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My Favorite Aunt

March 13, 2010

When I reflect on my childhood, it’s kind of broken into two parts.  The before and after.  Before, being the years that my mom was alive.  And after being, well, after. 

Every other Saturday, she and I would travel to her hometown.  Her mother was older and, as far as I know, didn’t drive.  So, my mom would take her out to lunch and to the store and run whatever errands she could help out with.    

My mom’s twin sister worked at a Krispy Kreme Doughnut shop. We’d stop by and visit her. And she’d always give me these filled doughnuts with gooey stuff on top and inside.(I’m a glazed girl, but no one seemed to notice)  It was nice of her to try though.  She and my mom and grandmother would visit, while I wasted the gooey doughnut in front of me, and then was scolded for playing with it and not eating it.   

I couldn’t wait to get back to my grandmother’s house when we were finished though.  Because, my mom’s older sister, LouEllen lived there.  She was “retarded.”   It makes me feel a little sick to write that. That word is hands down, my least favorite. But, in the late seventies, early eighties, that’s how they described her.  Retarded. 

They meant nothing malicious when they called her this ugly word.  It’s how they saw her. Some sort of fever had gone through her family.  One of the children had died, and the other two were left with some pretty serious brain damage. 

LouEllen was my favorite aunt.  She would have known immediately that I didn’t like jelly doughnuts.  She paid attention to me when I was with her.  For some reason, and there’s no one left who is alive for me to ask, she never was included on our outings.  But, when we got back, the fun began.  She had dolls and loved playing with mine.  She had cats, and they always had lots of kittens.(Bob Barker hadn’t made the spay and neuter push just then) And she’d play with them, she wasn’t at all like the other grown people.  They were so boring, with all their sitting around and talking and drinking second cups of coffee.  If only they’d been so lucky as to be retarded too.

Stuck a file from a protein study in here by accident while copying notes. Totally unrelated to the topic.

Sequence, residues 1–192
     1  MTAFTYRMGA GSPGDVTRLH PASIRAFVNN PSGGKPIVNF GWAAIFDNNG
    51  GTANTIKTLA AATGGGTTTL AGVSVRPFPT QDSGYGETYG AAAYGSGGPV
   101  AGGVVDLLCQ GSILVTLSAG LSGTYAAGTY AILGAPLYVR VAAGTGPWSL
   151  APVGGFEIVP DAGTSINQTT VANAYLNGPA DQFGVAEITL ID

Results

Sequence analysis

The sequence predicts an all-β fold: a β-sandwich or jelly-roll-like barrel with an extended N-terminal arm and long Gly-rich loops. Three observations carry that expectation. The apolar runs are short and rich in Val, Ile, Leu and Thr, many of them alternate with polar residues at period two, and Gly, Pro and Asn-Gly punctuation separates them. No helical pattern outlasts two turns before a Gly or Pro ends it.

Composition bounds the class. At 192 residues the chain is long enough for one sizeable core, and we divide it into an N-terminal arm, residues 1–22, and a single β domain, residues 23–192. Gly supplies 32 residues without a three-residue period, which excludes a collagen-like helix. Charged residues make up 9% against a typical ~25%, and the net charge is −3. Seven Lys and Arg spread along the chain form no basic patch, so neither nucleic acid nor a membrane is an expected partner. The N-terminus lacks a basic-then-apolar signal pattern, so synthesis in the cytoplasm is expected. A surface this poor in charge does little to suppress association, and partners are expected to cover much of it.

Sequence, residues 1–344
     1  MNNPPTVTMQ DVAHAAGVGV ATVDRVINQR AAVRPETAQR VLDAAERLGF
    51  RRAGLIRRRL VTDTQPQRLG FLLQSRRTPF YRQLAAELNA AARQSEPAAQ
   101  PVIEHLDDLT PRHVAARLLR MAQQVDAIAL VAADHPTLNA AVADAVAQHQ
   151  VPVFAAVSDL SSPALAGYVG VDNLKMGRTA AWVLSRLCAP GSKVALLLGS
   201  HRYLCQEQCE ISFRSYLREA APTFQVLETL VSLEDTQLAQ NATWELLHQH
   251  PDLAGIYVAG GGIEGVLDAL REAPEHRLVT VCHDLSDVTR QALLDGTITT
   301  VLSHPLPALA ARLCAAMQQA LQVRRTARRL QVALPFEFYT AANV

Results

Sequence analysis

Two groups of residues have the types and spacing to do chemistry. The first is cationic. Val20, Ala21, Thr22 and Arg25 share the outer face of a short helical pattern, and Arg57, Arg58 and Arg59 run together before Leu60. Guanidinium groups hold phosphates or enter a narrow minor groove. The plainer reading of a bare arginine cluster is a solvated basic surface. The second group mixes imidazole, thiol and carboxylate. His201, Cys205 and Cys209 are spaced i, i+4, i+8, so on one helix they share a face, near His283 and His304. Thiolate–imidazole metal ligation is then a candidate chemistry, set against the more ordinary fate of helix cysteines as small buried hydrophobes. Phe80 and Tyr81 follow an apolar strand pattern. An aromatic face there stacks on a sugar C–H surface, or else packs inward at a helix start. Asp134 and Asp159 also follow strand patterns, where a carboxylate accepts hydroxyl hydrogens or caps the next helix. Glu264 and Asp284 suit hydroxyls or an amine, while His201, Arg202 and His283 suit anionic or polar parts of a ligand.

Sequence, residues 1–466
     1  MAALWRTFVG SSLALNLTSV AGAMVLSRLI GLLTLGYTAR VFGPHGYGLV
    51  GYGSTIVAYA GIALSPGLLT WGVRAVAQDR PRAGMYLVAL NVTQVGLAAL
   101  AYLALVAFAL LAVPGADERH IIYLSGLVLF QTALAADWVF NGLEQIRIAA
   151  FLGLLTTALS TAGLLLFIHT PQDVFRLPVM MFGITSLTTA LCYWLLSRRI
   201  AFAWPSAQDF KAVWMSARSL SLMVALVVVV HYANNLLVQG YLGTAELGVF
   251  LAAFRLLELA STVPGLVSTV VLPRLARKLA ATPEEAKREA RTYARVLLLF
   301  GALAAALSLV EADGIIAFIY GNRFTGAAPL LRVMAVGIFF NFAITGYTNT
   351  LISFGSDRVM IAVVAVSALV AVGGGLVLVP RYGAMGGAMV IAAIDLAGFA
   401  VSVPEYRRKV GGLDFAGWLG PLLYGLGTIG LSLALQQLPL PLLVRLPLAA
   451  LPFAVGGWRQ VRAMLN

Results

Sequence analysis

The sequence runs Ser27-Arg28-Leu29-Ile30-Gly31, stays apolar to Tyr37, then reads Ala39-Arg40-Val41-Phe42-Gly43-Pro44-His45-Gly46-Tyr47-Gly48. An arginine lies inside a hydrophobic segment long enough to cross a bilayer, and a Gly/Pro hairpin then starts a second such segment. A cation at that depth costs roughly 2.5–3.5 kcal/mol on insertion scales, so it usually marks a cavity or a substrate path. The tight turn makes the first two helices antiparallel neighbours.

She and I would color and write our letters.  And cut out paper doll clothes, and dress them.  And we’d talk too, but about interesting things.  Like what the kittens should be named, and we’d blow up my Barbie furniture.(Not sure anyone but me remembers inflatable Barbie Furniture) 

It’s so strange to me.  I referred to everyone else as “aunt” or “uncle”, except LouEllen and her “retarded” brother Dan.  I wish someone was left to ask about this.  

I don’t like it one bit. 

When I started school, I can remember having such a connection to the kids in the “special” class, because of my connection to LouEllen.  When one boy, Thomas, would drink milk, sometimes it would come out of his nose.  He was loud and big, and it seemed that his teachers were always trying to “shush” him.  Everyone would laugh at him and point.  We only saw them briefly, during lunch or as they walked down the hall.  God forbid we socialize with them.  They were “retarded.”    I can remember crying because of how much it bothered me. 

I’d tell my mom, and she’d tell me stories about getting in fights at school because of what people said about her brother and sister.   She said back then, people looked down on your whole family if you had a family member like her.   And that left me crying too.

It still does.

I couldn’t have asked for a better “aunt.”  After all, how many grown people actually cared about your “Baby Alive” doll that actually ate weird baby food and then pooped in her diaper?  

Once, my mom and grandmother had a funeral to go to.  My Dad came and sat with LouEllen while they were gone.  She had a pretty severe speech impediment.  I had grown up with her, and had no problem understanding her.  Since she had no professional help, she was sort of hard for most people to understand. 

Throughout the day, she chatted it up with my Dad.  He nodded and agreed and smiled at everything she said.  I’m sure with one eye focused on whatever ball game happened to be on that day.

I would estimate that he understood about an eighth of the conversation.  

After the funeral, as my parents were making the drive home, my mom asks my dad, “Why did you promise LouEllen a cocker spaniel puppy?”  God love him, he didn’t know that he did.  But, after that, he was determined to track one down for her.

She was my favorite aunt.  Who wouldn’t have wanted one just like her? She was a grown up aunt who acted like a cousin.  Far superior, if you had asked me. 

My grandmother died the summer that I was 12.  By September, my mom had passed away too.  A lot of things bother me about losing my mom.  But, today, I’m writing about my aunt.

After the deaths of my grandmother and my mom, our connection to the family evaporated.  There were conflicts within the remaining family members.  Hard feelings that had been hidden because my grandmother and my strong, strong mom could keep everyone in line. 

My Dad and I spent the Christmas after her death with her twin sister and her family, her in-laws and brothers and sisters of her daughter’s husband.  And lots of other virtual strangers.  It was weird and uncomfortable and it was the last time we bothered.  Within no time, we hardly had contact with any of them ever.  A Christmas card, maybe. 

Years later, I regret disappearing from my aunt’s life.  She was a great aunt.  Wish I’d been a better niece.   

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One Comment leave one →
  1. March 13, 2010 5:06 pm

    That is such an incredible story. All the things that we saw through such different eyes when we were kids; it really is extraordinary… I’m sure your aunt knew how much you loved her.

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